12. Dubowitz T, Heron M, Bird CE, Lurie N, Finch BK, Basurto-Davila R, et al.: Neighborhood socioeconomic status and fruit and vegetable intake among whites, blacks, and Mexican Americans in the United States.Am J Clin Nutr 2008, 87:1883–91.PubMedPubMed CentralGoogle Scholar
  13. Hughes RJ, Edwards KL, Clarke GP, Evans CE, Cade JE, Ransley JK: Childhood consumption of fruit and vegetables across England: a study of 2306 6–7-year-olds in 2007.Br J Nutr 2012, 108:733–42. 10.1017/S0007114511005939View ArticlePubMedGoogle Scholar
  14. McCabe-Sellers BJ, Bowman S, Stuff JE, Champagne CM, Simpson PM, Bogle ML: Assessment of the diet quality of US adults in the Lower Mississippi Delta.Am J Clin Nutr 2007, 86:697–706.PubMedGoogle Scholar
  15. Loftfield E, Yi S, Curtis CJ, Bartley K, Kansagra SM: Potassium and fruit and vegetable intakes in relation to social determinants and access to produce in New York City.Am J Clin Nutr 2013, 98:1282–8. 10.3945/ajcn.113.059204View ArticlePubMedGoogle Scholar
  16. Azagba S, Sharaf MF: Disparities in the frequency of fruit and vegetable consumption by socio-demographic and lifestyle characteristics in Canada.Nutr J 2011, 10:118. 10.1186/1475-2891-10-118View ArticlePubMedPubMed CentralGoogle Scholar
  17. Leung CW, Ding EL, Catalano PJ, Villamor E, Rimm EB, Willett WC: Dietary intake and dietary quality of low-income adults in the Supplemental Nutrition Assistance Program.Am J Clin Nutr 2012, 96:977–88. 10.3945/ajcn.112.040014View ArticlePubMedPubMed CentralGoogle Scholar
  18. Krolner R, Rasmussen M, Brug J, Klepp KI, Wind M, Due P: Determinants of fruit and vegetable consumption among children and adolescents: a review of the literature. Part II: qualitative studies.Int J Behav Nutr Phys Act 2011, 8:112. 10.1186/1479-5868-8-112View ArticlePubMedPubMed CentralGoogle Scholar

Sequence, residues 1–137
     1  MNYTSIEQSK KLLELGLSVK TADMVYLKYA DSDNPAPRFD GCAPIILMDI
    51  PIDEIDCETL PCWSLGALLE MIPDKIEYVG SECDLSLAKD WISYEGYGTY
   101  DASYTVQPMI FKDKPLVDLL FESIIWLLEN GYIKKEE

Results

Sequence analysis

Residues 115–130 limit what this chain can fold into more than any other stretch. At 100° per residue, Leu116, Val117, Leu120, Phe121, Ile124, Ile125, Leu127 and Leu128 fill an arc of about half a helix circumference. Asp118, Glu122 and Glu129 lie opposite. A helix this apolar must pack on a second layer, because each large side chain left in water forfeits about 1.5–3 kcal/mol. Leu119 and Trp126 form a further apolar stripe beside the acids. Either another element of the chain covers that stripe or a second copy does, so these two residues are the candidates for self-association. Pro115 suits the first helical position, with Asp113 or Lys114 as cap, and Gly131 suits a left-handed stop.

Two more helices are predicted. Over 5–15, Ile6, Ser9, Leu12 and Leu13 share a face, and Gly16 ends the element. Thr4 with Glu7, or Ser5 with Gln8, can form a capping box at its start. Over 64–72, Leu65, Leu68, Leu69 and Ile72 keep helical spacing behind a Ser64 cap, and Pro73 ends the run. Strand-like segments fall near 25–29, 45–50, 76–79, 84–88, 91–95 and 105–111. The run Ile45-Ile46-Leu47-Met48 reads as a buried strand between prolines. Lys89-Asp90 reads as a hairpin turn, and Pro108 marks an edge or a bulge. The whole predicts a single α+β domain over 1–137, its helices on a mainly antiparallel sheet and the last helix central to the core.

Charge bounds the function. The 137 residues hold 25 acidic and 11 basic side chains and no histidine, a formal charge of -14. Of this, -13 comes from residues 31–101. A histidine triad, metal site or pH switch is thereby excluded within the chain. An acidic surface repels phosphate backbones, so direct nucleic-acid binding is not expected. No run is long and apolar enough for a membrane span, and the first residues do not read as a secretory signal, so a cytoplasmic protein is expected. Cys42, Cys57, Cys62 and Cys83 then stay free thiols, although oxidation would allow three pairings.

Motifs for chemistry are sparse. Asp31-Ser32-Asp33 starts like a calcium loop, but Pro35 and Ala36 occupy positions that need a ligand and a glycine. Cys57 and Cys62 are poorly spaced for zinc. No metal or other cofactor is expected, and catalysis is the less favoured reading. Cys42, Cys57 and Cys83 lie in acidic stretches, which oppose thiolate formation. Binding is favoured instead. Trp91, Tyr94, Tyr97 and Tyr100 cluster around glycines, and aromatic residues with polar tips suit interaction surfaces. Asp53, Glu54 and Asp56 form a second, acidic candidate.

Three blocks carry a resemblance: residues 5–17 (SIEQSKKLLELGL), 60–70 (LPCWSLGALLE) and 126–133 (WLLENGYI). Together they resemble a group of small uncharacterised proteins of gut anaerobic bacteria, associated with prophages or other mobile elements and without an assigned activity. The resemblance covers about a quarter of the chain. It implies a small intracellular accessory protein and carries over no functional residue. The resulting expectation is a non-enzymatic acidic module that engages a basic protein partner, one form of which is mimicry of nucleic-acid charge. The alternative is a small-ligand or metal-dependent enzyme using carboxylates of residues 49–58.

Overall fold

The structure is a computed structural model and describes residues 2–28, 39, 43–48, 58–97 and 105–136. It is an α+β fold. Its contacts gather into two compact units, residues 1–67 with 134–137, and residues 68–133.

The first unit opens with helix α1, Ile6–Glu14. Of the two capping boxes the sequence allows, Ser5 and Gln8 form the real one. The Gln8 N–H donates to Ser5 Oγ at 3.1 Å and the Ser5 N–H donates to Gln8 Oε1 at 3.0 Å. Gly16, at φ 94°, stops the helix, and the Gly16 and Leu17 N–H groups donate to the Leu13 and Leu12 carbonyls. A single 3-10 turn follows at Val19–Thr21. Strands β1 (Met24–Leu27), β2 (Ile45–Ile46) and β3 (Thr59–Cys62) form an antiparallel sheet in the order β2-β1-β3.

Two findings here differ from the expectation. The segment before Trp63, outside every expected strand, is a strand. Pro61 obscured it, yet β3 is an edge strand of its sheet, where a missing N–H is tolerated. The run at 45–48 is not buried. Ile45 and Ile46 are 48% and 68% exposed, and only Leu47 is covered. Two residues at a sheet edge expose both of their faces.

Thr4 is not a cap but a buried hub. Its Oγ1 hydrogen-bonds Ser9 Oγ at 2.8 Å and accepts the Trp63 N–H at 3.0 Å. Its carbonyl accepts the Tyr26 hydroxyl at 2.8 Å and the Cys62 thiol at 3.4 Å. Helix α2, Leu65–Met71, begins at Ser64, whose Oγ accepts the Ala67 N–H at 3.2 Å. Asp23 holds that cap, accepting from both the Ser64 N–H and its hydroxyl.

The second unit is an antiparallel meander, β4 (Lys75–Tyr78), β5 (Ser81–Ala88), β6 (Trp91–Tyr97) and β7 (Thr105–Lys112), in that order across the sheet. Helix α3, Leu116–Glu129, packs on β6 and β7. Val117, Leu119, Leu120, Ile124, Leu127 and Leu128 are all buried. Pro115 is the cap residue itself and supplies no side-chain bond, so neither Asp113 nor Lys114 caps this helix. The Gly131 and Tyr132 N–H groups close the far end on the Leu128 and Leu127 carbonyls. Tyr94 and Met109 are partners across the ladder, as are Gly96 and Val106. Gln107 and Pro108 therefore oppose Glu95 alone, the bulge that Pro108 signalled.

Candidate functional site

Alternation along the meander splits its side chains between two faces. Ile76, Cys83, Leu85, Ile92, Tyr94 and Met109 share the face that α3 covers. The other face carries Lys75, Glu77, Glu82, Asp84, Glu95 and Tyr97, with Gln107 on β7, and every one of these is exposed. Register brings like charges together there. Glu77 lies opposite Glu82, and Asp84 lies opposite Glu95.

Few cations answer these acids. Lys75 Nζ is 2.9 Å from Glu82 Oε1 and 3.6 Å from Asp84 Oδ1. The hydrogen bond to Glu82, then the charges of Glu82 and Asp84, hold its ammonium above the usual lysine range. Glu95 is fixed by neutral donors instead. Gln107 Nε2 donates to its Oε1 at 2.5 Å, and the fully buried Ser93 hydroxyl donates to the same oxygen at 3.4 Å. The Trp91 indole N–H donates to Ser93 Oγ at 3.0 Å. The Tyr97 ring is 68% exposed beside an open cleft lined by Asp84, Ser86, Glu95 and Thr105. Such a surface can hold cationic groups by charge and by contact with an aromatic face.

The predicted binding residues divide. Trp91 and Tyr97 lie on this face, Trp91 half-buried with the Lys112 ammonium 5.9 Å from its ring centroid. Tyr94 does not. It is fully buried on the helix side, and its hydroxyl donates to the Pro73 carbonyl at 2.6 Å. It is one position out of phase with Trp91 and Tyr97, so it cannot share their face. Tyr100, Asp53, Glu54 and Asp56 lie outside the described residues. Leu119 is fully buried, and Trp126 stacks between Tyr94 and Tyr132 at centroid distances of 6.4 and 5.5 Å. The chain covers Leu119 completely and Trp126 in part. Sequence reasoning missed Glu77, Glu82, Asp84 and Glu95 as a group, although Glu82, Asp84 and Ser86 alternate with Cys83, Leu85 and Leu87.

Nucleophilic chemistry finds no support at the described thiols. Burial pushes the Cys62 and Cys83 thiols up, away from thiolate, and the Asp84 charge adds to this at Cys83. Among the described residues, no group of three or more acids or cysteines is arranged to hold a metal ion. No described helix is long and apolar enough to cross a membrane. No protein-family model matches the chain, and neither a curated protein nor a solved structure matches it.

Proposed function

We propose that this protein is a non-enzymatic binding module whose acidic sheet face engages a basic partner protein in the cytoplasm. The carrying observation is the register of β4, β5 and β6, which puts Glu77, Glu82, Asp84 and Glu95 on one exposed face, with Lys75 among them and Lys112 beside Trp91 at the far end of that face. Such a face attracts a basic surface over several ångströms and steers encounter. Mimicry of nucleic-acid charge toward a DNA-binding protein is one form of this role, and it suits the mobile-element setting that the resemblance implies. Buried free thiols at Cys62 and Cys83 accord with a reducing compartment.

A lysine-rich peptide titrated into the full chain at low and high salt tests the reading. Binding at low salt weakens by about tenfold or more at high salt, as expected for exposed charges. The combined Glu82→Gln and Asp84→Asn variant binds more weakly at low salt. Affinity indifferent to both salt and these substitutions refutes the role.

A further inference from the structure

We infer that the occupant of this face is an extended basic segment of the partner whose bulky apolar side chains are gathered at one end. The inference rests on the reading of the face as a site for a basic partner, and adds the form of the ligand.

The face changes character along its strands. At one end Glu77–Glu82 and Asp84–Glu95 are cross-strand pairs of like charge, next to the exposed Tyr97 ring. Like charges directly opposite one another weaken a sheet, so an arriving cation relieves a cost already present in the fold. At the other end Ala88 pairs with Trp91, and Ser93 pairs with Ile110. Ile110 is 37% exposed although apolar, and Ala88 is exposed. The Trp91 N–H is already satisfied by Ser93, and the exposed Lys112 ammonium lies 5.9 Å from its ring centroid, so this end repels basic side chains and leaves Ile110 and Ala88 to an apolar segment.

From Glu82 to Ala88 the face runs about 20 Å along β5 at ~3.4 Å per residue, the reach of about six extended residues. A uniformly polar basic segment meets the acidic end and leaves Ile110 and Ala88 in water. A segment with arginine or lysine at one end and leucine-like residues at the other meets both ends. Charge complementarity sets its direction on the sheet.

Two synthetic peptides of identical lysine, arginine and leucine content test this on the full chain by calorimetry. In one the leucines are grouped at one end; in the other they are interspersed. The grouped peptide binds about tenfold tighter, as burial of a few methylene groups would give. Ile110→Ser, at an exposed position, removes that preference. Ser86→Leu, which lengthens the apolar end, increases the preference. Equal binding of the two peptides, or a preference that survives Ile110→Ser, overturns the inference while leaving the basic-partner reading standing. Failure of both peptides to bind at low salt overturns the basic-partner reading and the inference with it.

19. About the National Health and Nutrition Exmaination Survey (NHANES) http://www.cdc.gov/nchs/nhanes/about_nhanes.htm
  20. United States Department of Agriculture, Center for Nutrition Policy and Promotion: Healthy Eating Index Support Files 03 04. Available at: http://www.cnpp.usda.gov/healthy-eating-index-support-files-03–04
  21. Bowman SA, Friday JE, Moshfegh A: MyPyramid Equivalents Database, 2.0 for USDA Survey Foods, 2003–2004 [Online]. In Food Surveys Research Group. Beltsville Human Nutrition Research Center, Agricultural Research Service, U.S. Beltsville, MD: Department of Agriculture; 2008. Available at: http://www.ars.usda.gov/ba/bhnrc/fsrgGoogle Scholar
  22. Koegel KL, Kuczynski KJ, Britten P: Addendum to the MyPyramid Equivalents Database 2.0.36th National Nutrient Databank Conference 2013, 2:75–80.Google Scholar
  23. Usual dietary intakes: the NCI method http://appliedresearch.cancer.gov/diet/usualintakes/macros.html
  24. Dodd KW, Guenther PM, Freedman LS, Subar AF, Kipnis V, Midthune D, et al.: Statistical methods for estimating usual intake of nutrients and foods: a review of the theory.J Am Diet Assoc 2006, 106:1640–50. 10.1016/j.jada.2006.07.011View ArticlePubMedGoogle Scholar